September 19, 2013
Water Filter Test: Is a Pump or Gravity the Better Water-Filtration Method?
By David Draper
Before my recent backcountry archery elk hunt, I decided it was time to upgrade my old PUR Hiker water filter. During my research, I realized filter technology has come a long way in the past decade and was torn between two different systems: the MSR MiniWorks EX pump style filter or a Platypus GravityWorks filter that uses, well, gravity to transfer water through the filter. In the name of research and my ongoing fear of commitment, I decided to try both. The MSR would stay in camp to filter water there, and the lighter Platypus system would be carried in my hunting pack to purify drinking water while on the trail of trophy elk.
MSR MiniWorks EX Microfilter
Alesha Williams, of Flying J Outfitters, had packed four collapsible water bags up to our camp at the head of the well-named Dry Fork, which gave us about 20 gallons of water to drink and cook with in camp—all of which needed filtered before use. The pump-style MSR MiniWorks initially made quick work of filtering the water (which came from a clear-running stream), though I don’t think it ever reached the manufacturer’s claim of 1 liter per minute. After about the first five gallons, it became difficult to pump, indicating a dirty filter. Luckily, the unit is easy to clean. Just unscrew the body from the pump, pop out the ceramic filter, and give it a quick scrub with the included green pad. The filtered water came out pure and clean-tasting with no chemical or charcoal taste.
Pros: Compact and lightweight, with a manufacturer listed overall weight of just one pound. Filter is easy to clean, and the whole unit is field-strippable for maintenance. Quick to deploy, the MSR MiniWorks requires no assembly in the field. Just screw the pump onto a water bottle or bladder and start pumping.
Cons: The pump is made to fit Nalgene and other similarly threaded bottles and hydration bladders. Trying to filter water into a pot, open-top bladder or other non-threaded containers is a pain, especially when a dirty filter requires extra pumping pressure. Users could fit the output nipple with a length of tubing to make this easier.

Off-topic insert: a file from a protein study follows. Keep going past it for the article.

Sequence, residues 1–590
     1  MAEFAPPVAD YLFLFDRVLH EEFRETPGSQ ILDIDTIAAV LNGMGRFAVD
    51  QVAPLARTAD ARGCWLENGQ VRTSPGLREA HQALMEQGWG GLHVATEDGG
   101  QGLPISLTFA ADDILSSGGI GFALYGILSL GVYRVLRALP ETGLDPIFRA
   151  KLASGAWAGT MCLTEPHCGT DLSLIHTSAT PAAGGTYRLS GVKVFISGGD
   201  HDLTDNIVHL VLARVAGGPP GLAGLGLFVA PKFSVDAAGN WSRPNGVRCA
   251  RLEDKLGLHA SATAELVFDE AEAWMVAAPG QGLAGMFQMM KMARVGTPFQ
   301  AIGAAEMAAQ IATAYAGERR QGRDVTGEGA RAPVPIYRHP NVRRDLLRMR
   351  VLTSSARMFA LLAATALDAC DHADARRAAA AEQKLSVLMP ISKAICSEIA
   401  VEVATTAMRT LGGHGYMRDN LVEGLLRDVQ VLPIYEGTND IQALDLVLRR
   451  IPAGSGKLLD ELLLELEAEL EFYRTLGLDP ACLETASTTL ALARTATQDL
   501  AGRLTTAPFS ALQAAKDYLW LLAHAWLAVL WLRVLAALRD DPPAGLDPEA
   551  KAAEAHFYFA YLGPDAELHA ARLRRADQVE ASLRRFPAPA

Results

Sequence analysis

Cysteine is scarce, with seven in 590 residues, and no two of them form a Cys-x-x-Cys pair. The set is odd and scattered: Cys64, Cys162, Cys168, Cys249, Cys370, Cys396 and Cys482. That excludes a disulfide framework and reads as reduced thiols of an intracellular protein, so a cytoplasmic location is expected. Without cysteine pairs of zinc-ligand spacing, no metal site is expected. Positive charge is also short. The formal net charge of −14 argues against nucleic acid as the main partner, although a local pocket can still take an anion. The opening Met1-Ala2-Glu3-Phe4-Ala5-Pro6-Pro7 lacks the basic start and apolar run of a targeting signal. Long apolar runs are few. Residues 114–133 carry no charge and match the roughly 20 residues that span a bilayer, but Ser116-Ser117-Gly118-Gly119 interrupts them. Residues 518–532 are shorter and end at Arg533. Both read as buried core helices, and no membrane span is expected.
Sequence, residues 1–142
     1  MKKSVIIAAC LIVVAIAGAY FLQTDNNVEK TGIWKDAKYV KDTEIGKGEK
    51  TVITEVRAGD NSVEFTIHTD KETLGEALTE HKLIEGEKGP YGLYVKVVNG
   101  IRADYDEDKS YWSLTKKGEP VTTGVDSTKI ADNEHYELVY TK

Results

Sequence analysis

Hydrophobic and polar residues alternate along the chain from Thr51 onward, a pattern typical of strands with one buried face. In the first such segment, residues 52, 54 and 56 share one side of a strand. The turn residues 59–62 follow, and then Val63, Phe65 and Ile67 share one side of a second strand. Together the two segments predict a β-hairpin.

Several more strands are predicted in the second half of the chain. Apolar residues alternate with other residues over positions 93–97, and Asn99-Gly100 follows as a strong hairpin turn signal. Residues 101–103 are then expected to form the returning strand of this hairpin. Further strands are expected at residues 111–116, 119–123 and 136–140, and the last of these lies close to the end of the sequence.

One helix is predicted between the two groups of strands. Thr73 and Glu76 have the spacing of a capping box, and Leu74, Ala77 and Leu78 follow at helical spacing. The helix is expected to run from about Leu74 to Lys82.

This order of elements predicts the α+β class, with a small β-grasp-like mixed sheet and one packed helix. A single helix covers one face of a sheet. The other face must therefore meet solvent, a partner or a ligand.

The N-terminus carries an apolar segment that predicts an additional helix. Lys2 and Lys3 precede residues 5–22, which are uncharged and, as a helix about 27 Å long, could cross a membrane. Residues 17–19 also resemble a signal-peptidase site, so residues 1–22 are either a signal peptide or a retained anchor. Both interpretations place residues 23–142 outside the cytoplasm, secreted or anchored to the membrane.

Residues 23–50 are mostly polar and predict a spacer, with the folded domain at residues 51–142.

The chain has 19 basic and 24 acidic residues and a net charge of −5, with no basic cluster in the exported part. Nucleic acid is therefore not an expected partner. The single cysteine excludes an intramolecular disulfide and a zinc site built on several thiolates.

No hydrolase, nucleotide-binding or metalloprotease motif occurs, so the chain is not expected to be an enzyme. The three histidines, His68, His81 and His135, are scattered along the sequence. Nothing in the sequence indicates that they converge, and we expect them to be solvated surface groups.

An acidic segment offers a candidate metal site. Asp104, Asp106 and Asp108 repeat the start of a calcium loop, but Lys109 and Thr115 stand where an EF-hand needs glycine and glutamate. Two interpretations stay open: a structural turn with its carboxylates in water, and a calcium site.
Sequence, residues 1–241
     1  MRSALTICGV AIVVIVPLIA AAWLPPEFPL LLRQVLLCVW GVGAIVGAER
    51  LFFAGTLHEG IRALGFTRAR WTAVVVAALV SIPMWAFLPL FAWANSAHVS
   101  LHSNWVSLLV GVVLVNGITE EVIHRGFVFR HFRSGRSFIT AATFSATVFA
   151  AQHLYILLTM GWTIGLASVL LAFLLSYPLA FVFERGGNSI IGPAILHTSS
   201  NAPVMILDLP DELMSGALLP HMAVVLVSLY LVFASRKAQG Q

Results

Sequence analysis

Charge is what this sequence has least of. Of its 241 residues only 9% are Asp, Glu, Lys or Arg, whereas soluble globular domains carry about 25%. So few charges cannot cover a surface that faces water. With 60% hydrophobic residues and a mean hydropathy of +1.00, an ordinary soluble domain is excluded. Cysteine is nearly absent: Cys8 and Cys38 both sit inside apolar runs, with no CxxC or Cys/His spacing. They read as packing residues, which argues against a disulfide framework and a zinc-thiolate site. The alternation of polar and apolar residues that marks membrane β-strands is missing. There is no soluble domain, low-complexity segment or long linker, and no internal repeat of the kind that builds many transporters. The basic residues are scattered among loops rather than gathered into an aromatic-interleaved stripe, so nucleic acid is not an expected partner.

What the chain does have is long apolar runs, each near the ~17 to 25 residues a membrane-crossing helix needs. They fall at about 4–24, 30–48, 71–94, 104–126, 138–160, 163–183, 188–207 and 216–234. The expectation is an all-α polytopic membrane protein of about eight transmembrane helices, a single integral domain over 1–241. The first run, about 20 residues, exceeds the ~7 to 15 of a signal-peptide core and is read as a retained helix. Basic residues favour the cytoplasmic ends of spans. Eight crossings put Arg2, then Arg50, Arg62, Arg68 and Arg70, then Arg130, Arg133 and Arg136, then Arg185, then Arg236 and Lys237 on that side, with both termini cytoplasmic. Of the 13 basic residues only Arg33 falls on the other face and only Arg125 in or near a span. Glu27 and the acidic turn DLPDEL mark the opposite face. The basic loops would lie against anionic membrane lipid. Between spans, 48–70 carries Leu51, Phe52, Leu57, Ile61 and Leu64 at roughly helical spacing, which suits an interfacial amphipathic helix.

Platypus GravityWorks 2L Water Filter Kit
Coming in at just 11 ½ ounces, the GravityWorks is extremely lightweight. Weight-conscious hunters could even leave out the included soft-sided clean-water reservoir and a few accessories to reduce the overall weight even further. The system consists of primary reservoir for dirty water, a ceramic filter, and a length of tubing with included fittings for both Nalgene-style bottles, conventional water bottles, and even bottles and bladders fitted with push-pull caps. Though I never tried, Platypus also says you can fill bladders through their sip-tubes, which eliminates the hassle of removing the bladder from your hunting pack. The GravityWorks filter couldn’t be simpler to use: Just fill the dirty reservoir with unfiltered water, plug in the filter via the quick-connect valve, screw a bottle onto the cap adapter, and open the pinch clip to start the flow of water. When clean, the filter will fill a quart bottle in about a minute. The first quart through the filter had a slight chemical taste, but subsequent water tasted clean.
Pros: Fast and easy, though it does require a slight bit of assembly in the field each time. The filter, good for up to 1,500 liters, is easy to maintain by reversing the flow of water from the clean bottle to the dirty reservoir. After the first few times using the filter, I started cleaning the filter with each use to keep the flow rate up. It’s incredibly lightweight.
Cons: Prior to the trip, my biggest concern was filling the dirty reservoir in skinny water, such as the small trickle that was the closest water to camp. While not impossible, this task was challenging and it took some finessing to get two liters of water into the bladder each time.